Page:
SI^2 PI Meeting Poster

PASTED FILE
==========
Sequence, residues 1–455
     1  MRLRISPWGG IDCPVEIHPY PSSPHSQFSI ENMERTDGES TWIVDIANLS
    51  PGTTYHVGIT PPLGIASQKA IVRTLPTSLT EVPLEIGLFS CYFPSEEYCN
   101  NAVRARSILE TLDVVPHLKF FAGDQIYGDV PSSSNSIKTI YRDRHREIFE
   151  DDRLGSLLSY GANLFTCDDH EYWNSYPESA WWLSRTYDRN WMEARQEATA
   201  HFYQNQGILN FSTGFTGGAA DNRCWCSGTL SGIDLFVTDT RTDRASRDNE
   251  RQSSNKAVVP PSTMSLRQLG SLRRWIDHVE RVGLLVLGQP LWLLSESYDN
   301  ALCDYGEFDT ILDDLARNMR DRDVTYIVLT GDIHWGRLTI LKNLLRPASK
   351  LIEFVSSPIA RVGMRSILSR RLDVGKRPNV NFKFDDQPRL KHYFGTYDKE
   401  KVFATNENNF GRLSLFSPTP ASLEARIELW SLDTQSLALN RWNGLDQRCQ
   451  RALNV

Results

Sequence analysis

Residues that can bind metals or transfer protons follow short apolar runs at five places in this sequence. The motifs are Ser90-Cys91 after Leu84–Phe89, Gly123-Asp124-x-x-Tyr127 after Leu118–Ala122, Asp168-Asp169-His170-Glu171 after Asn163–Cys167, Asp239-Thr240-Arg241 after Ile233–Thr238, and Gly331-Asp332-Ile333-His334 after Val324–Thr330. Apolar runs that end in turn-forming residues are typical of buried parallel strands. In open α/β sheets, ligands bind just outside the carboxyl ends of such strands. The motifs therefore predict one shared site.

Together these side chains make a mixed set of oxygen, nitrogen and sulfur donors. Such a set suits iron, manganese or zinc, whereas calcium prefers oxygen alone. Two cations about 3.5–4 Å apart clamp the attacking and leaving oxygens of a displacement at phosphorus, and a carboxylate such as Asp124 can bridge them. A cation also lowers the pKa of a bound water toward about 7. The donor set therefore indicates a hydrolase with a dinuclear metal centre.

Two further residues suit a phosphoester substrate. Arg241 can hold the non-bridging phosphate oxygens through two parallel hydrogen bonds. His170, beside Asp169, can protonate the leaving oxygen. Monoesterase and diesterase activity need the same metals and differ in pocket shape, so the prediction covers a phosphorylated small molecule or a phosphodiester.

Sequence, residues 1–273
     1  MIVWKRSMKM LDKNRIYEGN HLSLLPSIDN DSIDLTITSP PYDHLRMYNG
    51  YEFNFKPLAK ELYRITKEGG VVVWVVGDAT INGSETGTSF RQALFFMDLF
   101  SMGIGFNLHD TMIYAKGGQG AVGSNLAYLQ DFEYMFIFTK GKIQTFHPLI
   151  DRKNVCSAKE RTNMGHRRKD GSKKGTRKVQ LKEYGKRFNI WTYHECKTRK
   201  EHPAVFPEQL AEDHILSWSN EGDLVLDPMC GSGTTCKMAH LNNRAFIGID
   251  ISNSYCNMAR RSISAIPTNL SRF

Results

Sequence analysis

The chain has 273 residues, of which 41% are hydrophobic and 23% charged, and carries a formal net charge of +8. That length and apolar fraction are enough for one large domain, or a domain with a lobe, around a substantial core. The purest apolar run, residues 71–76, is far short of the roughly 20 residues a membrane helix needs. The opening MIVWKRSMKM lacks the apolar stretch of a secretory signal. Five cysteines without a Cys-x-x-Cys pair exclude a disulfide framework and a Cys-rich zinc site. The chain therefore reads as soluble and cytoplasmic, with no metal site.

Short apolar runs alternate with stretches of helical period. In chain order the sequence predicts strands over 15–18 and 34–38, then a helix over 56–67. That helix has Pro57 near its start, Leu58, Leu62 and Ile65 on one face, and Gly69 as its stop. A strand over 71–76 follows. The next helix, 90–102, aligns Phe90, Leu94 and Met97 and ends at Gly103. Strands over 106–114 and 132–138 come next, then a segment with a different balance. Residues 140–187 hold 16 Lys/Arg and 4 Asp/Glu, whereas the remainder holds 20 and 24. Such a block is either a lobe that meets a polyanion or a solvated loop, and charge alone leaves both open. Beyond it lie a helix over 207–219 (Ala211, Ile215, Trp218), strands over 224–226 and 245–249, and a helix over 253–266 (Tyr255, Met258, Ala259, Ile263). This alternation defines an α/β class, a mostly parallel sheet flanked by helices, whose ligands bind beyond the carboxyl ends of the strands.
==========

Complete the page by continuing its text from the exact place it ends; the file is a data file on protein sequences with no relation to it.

Infrastructure forms the backbone of a functional and healthy community. When parts of this infrastructure is threatened, it is critical for society to respond to that threat or risk loss of life and property. One of the most significant threats to infrastructure in recent U.S. history has been the result of hurricanes, most memorably Hurricane Katrina, which devastated New Orleans, and Hurricane Sandy, which New York City infrastructure is still recovering from. Addressing these threats requires a multi-pronged approach that takes into account how infrastructure is connected and how failures in one type of infrastructure can impact the other. Questions then arise as to how we can protect ourselves from these threats. This project develops a methodology that can answer questions related to protecting this infrastructure. For instance, if a community wanted to build a sea-wall, questions such as "how high should it be?" and "where should it be placed?" must be asked. Other important questions compare a sea-wall with other protective options, such as: "Is a sea-wall the best protective measure?", "What about artificial sand dunes?", or "What about raising the infrastructure to a higher elevation?" And a related critically important question should be "Can adopting this option for protecting one community be detrimental to the safety of a neighboring community?" In addition to questions about the efficacy of protective measures, there are questions about how coastal protection may impact other coastal uses including recreational, cultural, and economic activities, and how negatively impacting these uses can be reduced while still maximizing protection. Resource constraints are also important to take into account and the question of how to optimally protect a community given constrained resources is critical. Such questions require the combination of advanced computing, mathematics and social science approaches to design tools to address these complex intersecting problems and place these tools in the hands of decision makers that need to make these types of critical decisions.<br>